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`Reaching out' by phone for a lot less. AT&T rate cut will put pressure on MCI, others

The latest good news for long-distance customers is that it may soon cost a lot less to reach out and bend somebody's ear. Significant cuts in long-distance rates proposed by AT&T will benefit consumers -- but squeeze the profits of other long-distance companies and push them to cut rates as well.

``It's not a price war. It's an effort to pass through lower costs,'' says Stuart Ganes, a telecommunications analyst with Shearson Lehman Brothers.

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``But it's got to put pressure on the others because AT&T still has 80 percent of the market and they're closer now to MCI's prices,'' Mr. Ganes says.

In a filing with the Federal Communications Commission, AT&T proposed rate cuts amounting to more than $1.5 billion. The cuts come, AT&T says, because it has not been charged as much as expected by local phone companies for long-distance access to customers.

If approved by the FCC, regular long-distance rates would be cut June 1 by 11.4 percent during the day and evening and by 2.7 percent weekends and late at night.

Toll-free 800-service day rates would be chopped by 9.8 percent and night and weekend rates by 2 percent. Rates for WATS service would be cut 12.8 percent in the day and evening, and 5 percent late at night and on weekends.

Similar rate reductions by MCI are still expected. Although tough on MCI, the move makes it even more difficult for companies such as GTE's third-ranked Sprint service, which isn't currently profitable.

All this is said by experts to be good news for consumers in the long run, despite the fact that the weight of long-distance access costs (which have mostly been paid by long-distance companies) is being shifted more on the customer. The federally mandated charge to residents for long-distance service is scheduled to rise from $1 to $2 on June 1.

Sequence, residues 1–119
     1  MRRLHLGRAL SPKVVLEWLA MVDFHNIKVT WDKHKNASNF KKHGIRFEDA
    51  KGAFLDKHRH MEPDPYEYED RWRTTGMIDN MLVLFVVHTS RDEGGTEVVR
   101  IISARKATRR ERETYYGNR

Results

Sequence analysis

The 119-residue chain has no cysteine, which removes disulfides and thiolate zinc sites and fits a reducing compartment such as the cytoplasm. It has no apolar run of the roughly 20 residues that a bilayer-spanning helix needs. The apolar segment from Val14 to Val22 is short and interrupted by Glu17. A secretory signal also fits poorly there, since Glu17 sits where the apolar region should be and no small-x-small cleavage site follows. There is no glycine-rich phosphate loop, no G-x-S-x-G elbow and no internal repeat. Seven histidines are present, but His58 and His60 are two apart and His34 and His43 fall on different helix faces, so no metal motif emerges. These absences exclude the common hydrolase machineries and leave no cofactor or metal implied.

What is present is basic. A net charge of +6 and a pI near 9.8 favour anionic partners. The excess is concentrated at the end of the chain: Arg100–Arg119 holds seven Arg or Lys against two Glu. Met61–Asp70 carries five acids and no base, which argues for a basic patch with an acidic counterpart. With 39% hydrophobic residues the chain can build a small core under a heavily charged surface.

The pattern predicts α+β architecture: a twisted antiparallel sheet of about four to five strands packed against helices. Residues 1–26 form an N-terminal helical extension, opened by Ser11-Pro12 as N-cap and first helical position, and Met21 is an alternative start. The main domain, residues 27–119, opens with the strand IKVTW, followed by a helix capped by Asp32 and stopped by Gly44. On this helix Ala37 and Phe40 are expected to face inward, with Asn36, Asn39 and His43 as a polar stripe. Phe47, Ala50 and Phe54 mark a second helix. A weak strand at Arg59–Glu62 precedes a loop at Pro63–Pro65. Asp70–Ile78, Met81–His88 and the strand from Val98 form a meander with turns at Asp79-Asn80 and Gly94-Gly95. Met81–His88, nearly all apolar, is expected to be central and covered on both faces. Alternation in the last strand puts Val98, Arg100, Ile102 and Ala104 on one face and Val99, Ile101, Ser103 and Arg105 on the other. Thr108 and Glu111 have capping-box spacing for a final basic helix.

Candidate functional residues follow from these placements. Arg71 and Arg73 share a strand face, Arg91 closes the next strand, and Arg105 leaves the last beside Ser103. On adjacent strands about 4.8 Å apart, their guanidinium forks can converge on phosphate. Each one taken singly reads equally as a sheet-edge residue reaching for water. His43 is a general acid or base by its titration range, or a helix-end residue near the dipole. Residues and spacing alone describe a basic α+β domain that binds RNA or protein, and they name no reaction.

Although AT&T's cuts are expected to benefit high-volume long-distance users --such as corporations -- the most, analysts say that may not be so bad for individual users.

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``We all benefit, because the whole point is to keep big business from going off the system,'' says Richard Vietor, a telecommunications expert and professor at the Harvard Business School.

``At current rates it's often cheaper for them to develop their own long-distance networks. But if these big guys leave, we're all going to be paying much more for long distance. This move will keep many of them from switching,'' Professor Vietor says.

At the heart of the proposed rate decrease is the fact that the $1 fee has cut AT&T's access cost and, because its profits are set by federal regulators, decreasing rates is one way of keeping within authorized limits. The $1 charge effectively contributed $1 billion toward the $1.5 billion cost of the rate decrease.

``The phones, the wires, the telephones -- we either pay for these in our long-distance rates, or we pay for them in local charges,'' says Vietor.

``Right now 15 cents out of every 30 cents of the average long-distance revenue-minute go to pay local operating companies for these.''

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